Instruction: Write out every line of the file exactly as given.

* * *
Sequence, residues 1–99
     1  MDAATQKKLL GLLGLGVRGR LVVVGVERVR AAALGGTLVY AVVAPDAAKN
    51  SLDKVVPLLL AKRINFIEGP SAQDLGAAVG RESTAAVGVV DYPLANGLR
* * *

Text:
Sequence, residues 1–99
     1  MDAATQKKLL GLLGLGVRGR LVVVGVERVR AAALGGTLVY AVVAPDAAKN
    51  SLDKVVPLLL AKRINFIEGP SAQDLGAAVG RESTAAVGVV DYPLANGLR